Roman Catholic Archdiocese of Rossano-Cariati

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Archdiocese of Rossano-Cariati
Archidioecesis Rossanensis-Cariatensis[1]
Country Italy
Ecclesiastical province Cosenza-Bisignano[1]
Area 1,415 km2 (546 sq mi)
- Total
- Catholics
(as of 2010)
135,000 (98.2%)
Parishes 53
Denomination Catholic Church
Rite Latin Rite
Established 597[2]
Cathedral Cattedrale di Maria SS. Achiropita (Rossano)[2]
Co-cathedral Concattedrale di S. Michele Arcangelo (Cariati)[2]
Patron saints Maria Achiropita
Nilo da Rossano
Leonardo Abate
Cataldo Vescovo[2]
Secular priests 67[1]
Current leadership
Pope Francis
Archbishop Santo Marcianò;[1] Rev. Fr. Giuseppe Satriano, V.G., is the Archbishop-designate
Roman Catholic Archdiocese of Rossano-Cariati in Italy.svg
Co-cathedral in Cariati

The Italian Catholic Archdiocese of Rossano-Cariati (Latin: Archidioecesis Rossanensis-Cariatensis) in Calabria, has existed since 597 beginning as the Diocese of Rossano. It is a suffragan of the archdiocese of Cosenza-Bisignano.[1]

On Tuesday, July 15, 2014, the Vatican's official website (specifically, the Daily Bulletin of the Holy See Press Office, which formally publicly lists any resignations and appointments- which are listed in an annual publication- that the Pope has made and communicated) stated that Pope Francis had appointed the Reverend Father Giuseppe Satriano, V.G., who until now had been serving principally, since 2003, as Vicar General of the Roman Catholic Archdiocese of Brindisi-Ostuni, based in Brindisi, Italy, as the Archbishop-designate of the non-metropolitan Roman Catholic Archdiocese of Rossano-Cariati, based in Rossano, Italy which as stated above is a suffragan see in the Ecclesiastical Province of Cosenza-Bisignano, based in Cosenza, Italy. Once he is ordained Archbishop and then installed in that office, he will succeed the outgoing Archbishop, Santo Marcianò. According to his biographical details listed on the website, Archbishop-designate Satriano was born in Brindisi on September 8, 1960. He studied at the Liceo Scientifico di Brindisi, and then joined the Regional Seminary in Molfetta, Italy, where he completed the requisite studies for ordination to the Catholic priesthood, which took place on September 28, 1985, for the Roman Catholic Archdiocese of Brindisi-Ostuni. In 2006, he joined the Institute 'Regina Apostolorum' in Rome, Italy, where he earned a Licentiate (post-Master's degree) in Bioethics. Along with his position as the Archdiocese of Brindisi-Ostuni's Vicar General, he has also served concurrently as Episcopal Vicar for Clergy and Consecrated Life; Chaplain of the Tourist Village "Rosa Marina" of Ostuni; Assistant of the Missionaries of the Kingship, along with a few other concurrent positions. Since 2006, he is an Assistant to the Serra Club of Brindisi, and since 2007, Secretary General of (an unspecified, presumably the Archdiocesan) Synod.[3]


In 597, the Diocese of Rossano was established from the former Diocese of Thurio.[2]

In 982 Emperor Otto II captured Rossano temporarily from the Byzantines, who had made it the capital of their possessions in Southern Italy. It preserved its Greek character long after its conquest by the Normans.[4]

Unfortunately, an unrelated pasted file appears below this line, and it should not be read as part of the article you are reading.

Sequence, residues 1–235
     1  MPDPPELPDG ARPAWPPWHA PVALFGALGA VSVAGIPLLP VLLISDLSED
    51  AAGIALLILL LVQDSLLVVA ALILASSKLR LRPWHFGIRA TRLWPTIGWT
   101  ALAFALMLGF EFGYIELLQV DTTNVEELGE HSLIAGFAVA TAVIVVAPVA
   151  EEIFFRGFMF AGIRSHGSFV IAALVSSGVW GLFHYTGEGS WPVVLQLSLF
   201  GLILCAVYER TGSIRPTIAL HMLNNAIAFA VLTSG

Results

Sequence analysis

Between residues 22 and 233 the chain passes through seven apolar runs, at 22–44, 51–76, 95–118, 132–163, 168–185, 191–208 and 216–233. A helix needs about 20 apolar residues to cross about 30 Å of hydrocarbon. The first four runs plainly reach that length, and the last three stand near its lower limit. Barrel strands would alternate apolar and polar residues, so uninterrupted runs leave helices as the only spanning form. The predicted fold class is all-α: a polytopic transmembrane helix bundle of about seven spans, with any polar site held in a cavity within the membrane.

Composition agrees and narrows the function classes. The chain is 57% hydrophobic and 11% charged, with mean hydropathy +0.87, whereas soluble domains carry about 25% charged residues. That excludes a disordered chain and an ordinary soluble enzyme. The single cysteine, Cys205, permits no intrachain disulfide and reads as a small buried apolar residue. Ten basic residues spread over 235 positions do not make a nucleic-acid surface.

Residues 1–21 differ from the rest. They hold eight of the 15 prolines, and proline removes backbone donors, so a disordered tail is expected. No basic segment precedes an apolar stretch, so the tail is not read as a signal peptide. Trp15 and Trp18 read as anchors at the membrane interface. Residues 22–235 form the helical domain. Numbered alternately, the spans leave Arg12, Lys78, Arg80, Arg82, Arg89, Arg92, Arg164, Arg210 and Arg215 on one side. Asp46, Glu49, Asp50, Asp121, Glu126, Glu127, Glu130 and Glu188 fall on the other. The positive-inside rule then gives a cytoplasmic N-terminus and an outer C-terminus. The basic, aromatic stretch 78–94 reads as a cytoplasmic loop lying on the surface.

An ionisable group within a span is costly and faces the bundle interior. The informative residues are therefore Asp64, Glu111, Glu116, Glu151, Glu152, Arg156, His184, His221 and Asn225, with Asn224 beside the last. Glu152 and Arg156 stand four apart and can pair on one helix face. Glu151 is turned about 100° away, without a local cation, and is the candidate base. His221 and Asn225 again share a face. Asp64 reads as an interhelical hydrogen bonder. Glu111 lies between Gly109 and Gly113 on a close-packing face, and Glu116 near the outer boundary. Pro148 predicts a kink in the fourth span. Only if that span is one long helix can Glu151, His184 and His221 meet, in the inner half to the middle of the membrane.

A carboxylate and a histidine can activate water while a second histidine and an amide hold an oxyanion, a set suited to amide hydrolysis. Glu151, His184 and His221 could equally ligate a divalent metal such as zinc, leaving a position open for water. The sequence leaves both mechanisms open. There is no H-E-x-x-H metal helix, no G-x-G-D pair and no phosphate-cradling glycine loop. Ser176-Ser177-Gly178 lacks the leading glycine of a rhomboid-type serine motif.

The first known bishop of this see is Valerianus, Bishop of the "Ecclesia Rosana" in the Roman Council of 680. Cappelletti, however, names a certain Saturninus as first bishop.[4]

In 1460, the Diocese was elevated to an Archdiocese[2] immediately subject to the Holy See.[1] The famous Codex Rossanensis was discovered in 1879 in the cathedral sacristy, see Batiffol (below).[4] On February 13, 1919, the Diocese had territory transferred to create the Eparchy of Lungro for the Italo-Albanian Catholic Church.[2] On April 4, 1979, the Archdiocese was merged with the Diocese of Cariati to become the Archdiocese of Rossano e Cariati. On September 9, 1986, the Archdiocese was rename to Archdiocese of Rossano–Cariati[1] On January 30, 2001, the Archdiocese of Cosenza-Bisignano was elevated to a Metropolitan See with Rossano-Cariati as a suffragan diocese.[5]


In the tenth century, or perhaps earlier, the Greek Rite was introduced at Rossano, and continued until the sixteenth century, although two attempts were made to introduce the Latin Rite — once in 1092, and again by Bishop Matteo de' Saraceni in 1460. Priests of the Latin Rite, however, were often appointed bishops.[4] The Greek Rite was maintained especially by the seven Basilian monasteries in the diocese, the most famous of which was Santa Maria in Patiro. In 1571 the Greek Rite was abandoned in the cathedral, and half a century afterwards throughout the city.


Among the archbishops were:

Diocese of Turio[edit]

The archdiocese includes the ancient Diocese of Turio (Thurii), a city which arose after the destruction of Sybaris; five of its bishops are known, the first being Giovanni (501) and the last Guglielmo (1170).[4]


  1. ^ a b c d e f g Cheney, David M. "Archdiocese of Rossano-Cariati". All Dioceses. Retrieved 5 January 2012. 
  2. ^ a b c d e f g "Archdiocese of Rossano–Cariati". Catholic Dioceses in the World. Retrieved 6 January 2012. 
  3. ^
  4. ^ a b c d e f Wikisource-logo.svg "Rossano". Catholic Encyclopedia. New York: Robert Appleton Company. 1913. 
  5. ^ Cheney, David M. "Archdiocese of Cosenza-Bisignano". All Dioceses. Retrieved 5 January 2012. 


  • Cappelletti, Le Chieze d'Italia, XXI;
  • Battifol, L'abbaye de Rossano (Paris, 1891)
  • Gay, Les dioceses de Calabre a l'epoque byzantine (Macon, 1900)

 This article incorporates text from a publication now in the public domainHerbermann, Charles, ed. (1913). Catholic Encyclopedia. Robert Appleton Company.